A user of well-known GLP-1 medications has filed a lawsuit against Novo Nordisk and Eli Lilly

A user of GLP-1 medications, a type of drugs that lower blood sugar and promote weight loss, has filed a lawsuit against Novo Nordisk and Eli Lilly. Read more about the case and its consequences.

As Novo Nordisk and Eli Lilly enjoy significant sales from their GLP-1 diabetes and obesity drugs, they also face legal challenges from new users of these medications.

One such case involves a Louisiana woman, Jaclyn Bjorklund, who is suing both companies. She claims that her use of Novo’s Ozempic (semaglutide) and Lily’s Mounjaro caused her to experience severe vomiting, resulting in the loss of some of her teeth. Bjorklund alleges that the companies failed to adequately warn patients about the potential for “severe gastrointestinal events’ ‘ associated with the use of these injected drugs.

According to the lawsuit, Bjorklund has suffered from intense vomiting, stomach pain, and gastrointestinal burning, and she has been hospitalized for stomach issues multiple times. While the prescribing labels for Ozempic and Mounjaro do mention that these drugs “delay gastric emptying” and carry a risk of gastrointestinal adverse reactions, the lawsuit argues that they do not include warnings about gastroparesis (stomach paralysis) and gastroenteritis (stomach inflammation), conditions that Bjorklund claims may also be linked to the medications.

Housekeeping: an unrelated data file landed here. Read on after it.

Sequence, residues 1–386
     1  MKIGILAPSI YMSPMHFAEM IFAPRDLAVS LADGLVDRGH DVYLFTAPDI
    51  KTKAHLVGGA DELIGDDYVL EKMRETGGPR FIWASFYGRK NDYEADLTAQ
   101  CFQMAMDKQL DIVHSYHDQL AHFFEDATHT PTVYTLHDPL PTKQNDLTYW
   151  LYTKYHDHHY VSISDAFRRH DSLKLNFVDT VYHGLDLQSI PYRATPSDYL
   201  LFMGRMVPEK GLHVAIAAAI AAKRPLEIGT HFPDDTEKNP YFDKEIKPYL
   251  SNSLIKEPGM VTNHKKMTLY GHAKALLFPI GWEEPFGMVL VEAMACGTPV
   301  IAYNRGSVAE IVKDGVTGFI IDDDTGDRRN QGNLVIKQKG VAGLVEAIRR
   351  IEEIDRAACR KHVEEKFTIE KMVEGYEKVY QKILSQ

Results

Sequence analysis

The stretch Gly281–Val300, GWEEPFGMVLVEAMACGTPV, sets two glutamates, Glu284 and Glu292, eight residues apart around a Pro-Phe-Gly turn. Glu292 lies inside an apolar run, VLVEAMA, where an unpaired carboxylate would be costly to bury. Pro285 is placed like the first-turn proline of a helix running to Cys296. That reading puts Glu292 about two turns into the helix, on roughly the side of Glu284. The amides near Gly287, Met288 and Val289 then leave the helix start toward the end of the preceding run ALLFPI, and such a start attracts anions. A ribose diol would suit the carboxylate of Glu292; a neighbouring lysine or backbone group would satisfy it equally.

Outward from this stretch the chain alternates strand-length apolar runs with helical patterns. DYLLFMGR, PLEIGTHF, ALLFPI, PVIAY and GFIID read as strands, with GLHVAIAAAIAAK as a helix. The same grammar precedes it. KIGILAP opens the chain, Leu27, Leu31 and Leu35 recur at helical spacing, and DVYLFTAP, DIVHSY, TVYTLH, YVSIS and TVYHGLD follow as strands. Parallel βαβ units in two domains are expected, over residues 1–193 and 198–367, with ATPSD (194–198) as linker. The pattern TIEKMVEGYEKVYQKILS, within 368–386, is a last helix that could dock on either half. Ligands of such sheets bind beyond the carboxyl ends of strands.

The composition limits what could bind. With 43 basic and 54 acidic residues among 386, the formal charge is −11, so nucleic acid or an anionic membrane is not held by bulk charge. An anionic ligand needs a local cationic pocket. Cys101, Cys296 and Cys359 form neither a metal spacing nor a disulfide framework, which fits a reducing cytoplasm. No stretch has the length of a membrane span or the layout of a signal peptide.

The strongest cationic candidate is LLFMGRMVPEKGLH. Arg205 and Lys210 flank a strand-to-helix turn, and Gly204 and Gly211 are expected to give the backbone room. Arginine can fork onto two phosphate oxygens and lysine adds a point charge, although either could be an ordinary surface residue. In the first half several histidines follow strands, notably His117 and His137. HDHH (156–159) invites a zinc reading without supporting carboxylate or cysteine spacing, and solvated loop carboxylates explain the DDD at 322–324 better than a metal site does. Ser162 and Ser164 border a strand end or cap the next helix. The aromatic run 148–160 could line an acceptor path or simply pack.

Related: Medicare Prescription Coverage For Obesity Is Supported By Legislation By Novo Nordisk, Eli Lilly, And Boehringer Ingelheim

Novo Nordisk responded to the lawsuit by stating that risk factors for gastroparesis include obesity, viral infections, and nervous system disorders, with women being more susceptible.

“Gastrointestinal (GI) events are well-known side effects of the GLP-1 class.” For semaglutide, the majority of GI side effects are mild to moderate in severity and of short duration.”

– Novo Nordisk

Bjorklund is seeking damages for past and future pain and suffering, as well as compensation for medical costs, attorney fees, and court expenses.

As the use of GLP-1 treatments increases, and safety concerns come under closer scrutiny, both companies are keen to remind the public that GLP-1 drugs have been on the market for 15 years for Type 2 diabetes and for eight years for obesity. They assert that patient safety remains a top priority.

Related: Weight-Loss Medications Market Projected To Reach $60 Billion In 10 Years

“Semaglutide has been extensively examined in robust clinical development programs, large real world evidence studies and has cumulatively over 9.5 million patient years of exposure.” 

– Novo Nordisk.

“We actively engage in monitoring, evaluating and reporting safety information for all of our medicines.” 

– Eli Lilly

Recently, in response to reports of users experiencing suicidal thoughts, the European Medicines Agency announced a review of Novo’s Ozempic and Saxenda to investigate whether there is a causal relationship between these drugs and the reported adverse events. The UK’s drug regulator has also initiated a parallel review.

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